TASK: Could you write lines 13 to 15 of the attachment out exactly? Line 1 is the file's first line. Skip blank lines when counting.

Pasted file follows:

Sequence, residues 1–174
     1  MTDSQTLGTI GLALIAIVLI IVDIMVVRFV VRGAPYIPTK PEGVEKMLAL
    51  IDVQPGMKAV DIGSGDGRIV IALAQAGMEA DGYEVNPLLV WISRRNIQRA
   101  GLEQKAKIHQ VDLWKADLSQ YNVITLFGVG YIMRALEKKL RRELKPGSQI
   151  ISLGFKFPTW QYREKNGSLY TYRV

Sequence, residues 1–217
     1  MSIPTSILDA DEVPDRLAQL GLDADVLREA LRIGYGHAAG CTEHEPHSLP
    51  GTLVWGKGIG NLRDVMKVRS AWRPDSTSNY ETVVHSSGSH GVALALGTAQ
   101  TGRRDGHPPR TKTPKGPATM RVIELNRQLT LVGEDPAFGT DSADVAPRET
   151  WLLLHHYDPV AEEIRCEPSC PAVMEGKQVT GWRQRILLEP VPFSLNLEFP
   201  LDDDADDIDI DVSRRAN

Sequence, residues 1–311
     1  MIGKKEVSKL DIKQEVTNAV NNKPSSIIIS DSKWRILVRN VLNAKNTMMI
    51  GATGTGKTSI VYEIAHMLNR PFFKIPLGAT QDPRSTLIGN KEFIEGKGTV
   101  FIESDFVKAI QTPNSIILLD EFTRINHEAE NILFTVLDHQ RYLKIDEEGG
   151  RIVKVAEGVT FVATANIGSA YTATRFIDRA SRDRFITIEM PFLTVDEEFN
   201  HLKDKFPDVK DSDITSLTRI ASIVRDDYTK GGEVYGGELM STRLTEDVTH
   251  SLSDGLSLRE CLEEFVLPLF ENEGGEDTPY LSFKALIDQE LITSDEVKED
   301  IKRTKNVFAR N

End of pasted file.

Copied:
     1  MIGKKEVSKL DIKQEVTNAV NNKPSSIIIS DSKWRILVRN VLNAKNTMMI
    51  GATGTGKTSI VYEIAHMLNR PFFKIPLGAT QDPRSTLIGN KEFIEGKGTV
   101  FIESDFVKAI QTPNSIILLD EFTRINHEAE NILFTVLDHQ RYLKIDEEGG